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Reply To: Journey Through Myth,” with Mythologist Norland Téllez, Ph.D.”


Thank you so much for this, Norland.

I really love the idea of “the twice born.” I would love to ask people in what ways they might feel “twice-born” whether in religious ways or not. I know I relate to this term and idea in a couple ways that have nothing to do with religion per say. That we are twice born being born from the womb of myth is also a quite fascinating thought to me.

I only at first glance/reading have a few first thoughts:

Norland, you write, “The fully rebirthed adulthood of the twice-born no longer needs myth as an object of belief; we see through its imaginal garbs and are no longer affected by its “lures and threats,” as Campbell put it. Growing up in the reflective mirror of philosophy we become reborn in the light of reason as the mytho-historic consciousness of the truth” This rings so true to me; yet, I cannot help but think that sometimes some people want the lures, the beautiful imagery and language, just for the mythic material itself. It might seem like the child who just discovered there is no Easter bunny or Santa Claus, yet still wish they could believe the myth. Many practicing pagans I have known said they did not believe the gods were “actual” and “real” but said that they were representations of energies behind the forms in which they supposedly embodied. So while the God or Goddess was not “real,” to them, the energy behind the form was real. Some pagans I have known have also called themselves atheists, but are animists instead, believing that some sort of life force flows through everything. I have met so many people with so many different ways or reasons for being pagan (and also Catholics for that matter or other religions) that it almost seems that perhaps they simply just want to live the poetic mythic life of lore—the fairies, the elementals of the flora and fauna. There is something sad about the children’s film, “The Last Unicorn,” when we cannot believe that unicorns exist anymore—or maybe as when we are growing past childhood and into adolescence that we cannot believe the things of childhood anymore. Author Robert Dahl said something to the effect that in his view there are two types of people in the world: those that see with the child’s eye and feel the things of childhood and those who don’t. He said that those who don’t are probably bankers and ______.” I cannot remember the rest of the quote and could not find it on the internet yet. Dahl, like Blake, felt that in order to write one must have the eyes of a child. Dahl said to write and to better one’s life one needed some type of “magic” in his or her life.

So what I am thinking here is the possibility that many people who call themselves pagan or Hindu or Christian or Catholic have actually grown beyond the first birth and the religion they were baptized into and have learned beyond that into a more personalized spirituality (whether or not through their religious framework they were born with the first time) and then when they go beyond it or else abandon it then go back to it that that can also be what is “the second birth.” Yet, they can label themselves a “pagan” and perhaps be in their second birth—and they have their “reasons” for loving it, for being so—so it does then seem to me to go along with what you say about “reason.” That makes sense to me that poetry and reason and that some spirituality and reason can go hand in hand even when most people say they would not, that faiths and miracles and the tall tales of the Bible go against “reason.” I totally enjoy what you write about reason as archetypal, when you so beautifully express , “In the order of true myth (vera narratio), Reason assumes its proper “equiprimordial” role and archetypal status; it becomes, like the Heraclitean fire of becoming, constitutive of the universal order of the world, the fiery spark of a cosmic consciousness of being and time:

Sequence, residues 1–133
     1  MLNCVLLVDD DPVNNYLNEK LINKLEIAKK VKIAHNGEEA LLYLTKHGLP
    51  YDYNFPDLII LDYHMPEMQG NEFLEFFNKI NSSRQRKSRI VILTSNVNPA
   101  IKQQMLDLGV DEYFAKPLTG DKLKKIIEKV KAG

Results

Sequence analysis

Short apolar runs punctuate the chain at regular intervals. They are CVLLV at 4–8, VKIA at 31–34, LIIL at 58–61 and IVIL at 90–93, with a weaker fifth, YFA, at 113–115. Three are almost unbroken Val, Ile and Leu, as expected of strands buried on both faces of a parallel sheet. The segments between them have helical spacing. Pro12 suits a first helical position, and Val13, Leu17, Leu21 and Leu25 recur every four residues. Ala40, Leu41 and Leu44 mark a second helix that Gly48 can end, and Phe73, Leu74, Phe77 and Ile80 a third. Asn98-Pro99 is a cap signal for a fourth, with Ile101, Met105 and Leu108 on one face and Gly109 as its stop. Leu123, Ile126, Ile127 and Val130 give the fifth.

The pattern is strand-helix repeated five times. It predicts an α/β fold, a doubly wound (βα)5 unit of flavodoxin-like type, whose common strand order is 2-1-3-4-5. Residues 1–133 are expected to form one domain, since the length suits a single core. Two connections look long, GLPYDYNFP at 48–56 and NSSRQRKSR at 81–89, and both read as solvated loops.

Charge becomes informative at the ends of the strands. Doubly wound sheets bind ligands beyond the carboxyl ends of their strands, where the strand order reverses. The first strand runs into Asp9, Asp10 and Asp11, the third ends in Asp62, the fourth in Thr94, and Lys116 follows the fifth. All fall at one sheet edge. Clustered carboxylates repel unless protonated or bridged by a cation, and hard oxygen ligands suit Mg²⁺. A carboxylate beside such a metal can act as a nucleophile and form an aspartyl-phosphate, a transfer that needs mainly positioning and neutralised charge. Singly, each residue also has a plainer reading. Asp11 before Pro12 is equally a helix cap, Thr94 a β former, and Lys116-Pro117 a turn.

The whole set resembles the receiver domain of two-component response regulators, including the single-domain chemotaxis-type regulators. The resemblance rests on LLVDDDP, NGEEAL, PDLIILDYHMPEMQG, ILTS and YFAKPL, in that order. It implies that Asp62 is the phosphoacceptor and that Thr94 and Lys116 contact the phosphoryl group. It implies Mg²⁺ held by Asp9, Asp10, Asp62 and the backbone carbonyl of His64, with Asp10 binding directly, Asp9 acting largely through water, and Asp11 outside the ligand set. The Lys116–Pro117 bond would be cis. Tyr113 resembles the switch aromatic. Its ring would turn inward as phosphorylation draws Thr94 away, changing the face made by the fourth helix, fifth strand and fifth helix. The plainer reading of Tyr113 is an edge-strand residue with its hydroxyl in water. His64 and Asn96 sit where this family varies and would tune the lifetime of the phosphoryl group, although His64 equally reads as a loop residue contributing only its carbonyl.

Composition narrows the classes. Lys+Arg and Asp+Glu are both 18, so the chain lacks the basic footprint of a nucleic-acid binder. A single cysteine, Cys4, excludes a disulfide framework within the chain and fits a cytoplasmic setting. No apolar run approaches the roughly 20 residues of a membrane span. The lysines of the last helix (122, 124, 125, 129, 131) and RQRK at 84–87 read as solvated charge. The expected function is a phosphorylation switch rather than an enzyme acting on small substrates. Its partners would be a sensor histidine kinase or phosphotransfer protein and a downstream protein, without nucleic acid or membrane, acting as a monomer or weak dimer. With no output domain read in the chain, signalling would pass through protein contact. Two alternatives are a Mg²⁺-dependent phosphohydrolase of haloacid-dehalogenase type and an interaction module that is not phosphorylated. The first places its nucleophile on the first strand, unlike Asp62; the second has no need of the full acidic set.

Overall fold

Here I think of the concept of “born again” as in born again Christian—and perhaps there are “born again pagans.” Maybe they feel they have come back to life somehow upon experiencing the harmony with the earth in the earth spiritualities. This so that too, when as you quote Aristotle, when you write, “it was Aristotle long ago who pointed to the basic link between philosophy and myth in a mutual state of wonder at being itself:

‘For it is owing to their wonder that men both now begin and at first began to philosophize […] whence even the lover of myth is in a sense a lover of Wisdom [or a philosopher], for the myth is composed of wonders.  (Aristotle, Metaphysics; The Basic Works of Aristotle. Ed. Richard McKeon, p. 692),’”

it seems also a matter of love of poetry and love of lore (lore is just one letter away from the word love)

I had some other thoughts but alas I lost them.

I found the discourse on reason in this context in myth quite helpful and providing great insight. Thank you,